• report by the Office of the U.N. High Commissioner for Human Rights documented extrajudicial killings carried out by Venezuelan security forces while conducting purported "crime raids" across the country. Between 2015 and 2017, some 505 people were killed during these supposed crime-fighting operations, the report found: "Witness accounts suggest a pattern: raids in poor neighbourhoods conducted to arrest “criminals” without a judicial warrant; the killing of young men who fit the profile, in some cases in their homes; and finally security forces tampering with the scene so that the killings would appear to have occurred in an exchange of fire." The U.N. human rights office said it had submitted its report to the International Criminal Court, which is looking into allegations of use of excessive force and other abuses committed by the Venezuelan government against protestors.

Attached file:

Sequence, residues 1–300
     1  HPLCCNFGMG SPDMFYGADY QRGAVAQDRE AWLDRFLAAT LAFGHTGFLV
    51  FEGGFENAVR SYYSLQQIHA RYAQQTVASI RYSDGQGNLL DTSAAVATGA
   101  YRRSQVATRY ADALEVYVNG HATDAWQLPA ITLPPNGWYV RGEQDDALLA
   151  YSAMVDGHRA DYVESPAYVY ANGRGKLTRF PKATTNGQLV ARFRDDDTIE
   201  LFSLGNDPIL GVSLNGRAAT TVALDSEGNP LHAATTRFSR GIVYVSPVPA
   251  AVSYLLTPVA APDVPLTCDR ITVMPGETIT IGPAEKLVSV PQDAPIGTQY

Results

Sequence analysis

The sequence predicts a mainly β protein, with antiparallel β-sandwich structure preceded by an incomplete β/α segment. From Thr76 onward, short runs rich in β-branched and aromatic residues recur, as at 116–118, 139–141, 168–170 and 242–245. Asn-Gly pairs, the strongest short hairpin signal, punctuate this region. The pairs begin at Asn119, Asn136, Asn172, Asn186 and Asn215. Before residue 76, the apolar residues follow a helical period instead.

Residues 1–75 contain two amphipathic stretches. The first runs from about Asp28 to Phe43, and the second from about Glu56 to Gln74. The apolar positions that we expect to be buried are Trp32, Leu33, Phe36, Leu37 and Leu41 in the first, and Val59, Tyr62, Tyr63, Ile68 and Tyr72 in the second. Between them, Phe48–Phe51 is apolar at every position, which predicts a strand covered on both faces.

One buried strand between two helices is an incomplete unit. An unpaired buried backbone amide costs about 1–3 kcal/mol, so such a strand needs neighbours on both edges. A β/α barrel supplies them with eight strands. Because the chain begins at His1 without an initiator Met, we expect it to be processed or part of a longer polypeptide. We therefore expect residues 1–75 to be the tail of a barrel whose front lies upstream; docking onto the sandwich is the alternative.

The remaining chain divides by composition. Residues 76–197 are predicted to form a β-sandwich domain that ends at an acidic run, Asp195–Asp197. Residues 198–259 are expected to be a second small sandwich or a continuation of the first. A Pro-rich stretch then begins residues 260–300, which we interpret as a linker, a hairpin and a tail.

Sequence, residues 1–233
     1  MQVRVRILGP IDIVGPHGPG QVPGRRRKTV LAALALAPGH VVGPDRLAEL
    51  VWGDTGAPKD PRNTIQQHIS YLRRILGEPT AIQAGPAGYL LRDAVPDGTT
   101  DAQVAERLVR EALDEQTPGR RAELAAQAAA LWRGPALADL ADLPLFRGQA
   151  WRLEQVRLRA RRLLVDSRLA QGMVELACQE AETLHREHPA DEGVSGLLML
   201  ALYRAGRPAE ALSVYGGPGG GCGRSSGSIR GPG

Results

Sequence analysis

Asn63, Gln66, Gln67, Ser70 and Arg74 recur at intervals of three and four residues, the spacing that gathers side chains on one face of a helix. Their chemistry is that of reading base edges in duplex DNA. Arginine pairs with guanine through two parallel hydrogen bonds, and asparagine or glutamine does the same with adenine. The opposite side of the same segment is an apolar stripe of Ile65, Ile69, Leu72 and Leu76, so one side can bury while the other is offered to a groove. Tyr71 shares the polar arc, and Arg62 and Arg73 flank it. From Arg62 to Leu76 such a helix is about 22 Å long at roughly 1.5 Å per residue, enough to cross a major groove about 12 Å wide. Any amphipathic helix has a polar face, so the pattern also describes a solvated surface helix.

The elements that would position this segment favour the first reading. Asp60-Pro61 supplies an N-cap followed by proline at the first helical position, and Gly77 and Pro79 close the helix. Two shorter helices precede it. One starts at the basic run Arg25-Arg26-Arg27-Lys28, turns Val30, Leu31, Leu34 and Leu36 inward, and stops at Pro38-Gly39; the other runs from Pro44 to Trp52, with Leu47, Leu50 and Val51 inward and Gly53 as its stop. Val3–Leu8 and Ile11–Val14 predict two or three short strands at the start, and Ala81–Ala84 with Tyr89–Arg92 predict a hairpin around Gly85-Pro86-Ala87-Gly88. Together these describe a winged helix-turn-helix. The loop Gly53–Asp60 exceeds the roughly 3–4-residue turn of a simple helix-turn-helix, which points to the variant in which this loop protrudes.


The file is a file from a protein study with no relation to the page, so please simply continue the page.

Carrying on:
• Human Rights Watch urges the U.N. Human Rights Council to speak out against President Maduro's government, asserting, "A failure to adequately address Venezuela’s crisis during the current Council’s session would leave space for Venezuela’s government to depict a distorted version of events."
  • Two mayoral candidates were gunned down in Michoacan state over a 24-hour period, bringing the total number of people killed during the lead-up to the July 1 election to 18 (Animal Politico). 
  • Poppy growers say they are turning back to marijuana, as the widespread availability of synthetic opioids like fentanyl has forced opium prices down (AP).
  • Will Andrés Manuel López Obrador be able to control the political coalition that is on the verge of helping him win Mexico's presidential race? Reuters notes that AMLO is running on "a divergent platform with no clear center of political equilibrium," which could create conflicts with his various political allies further down the road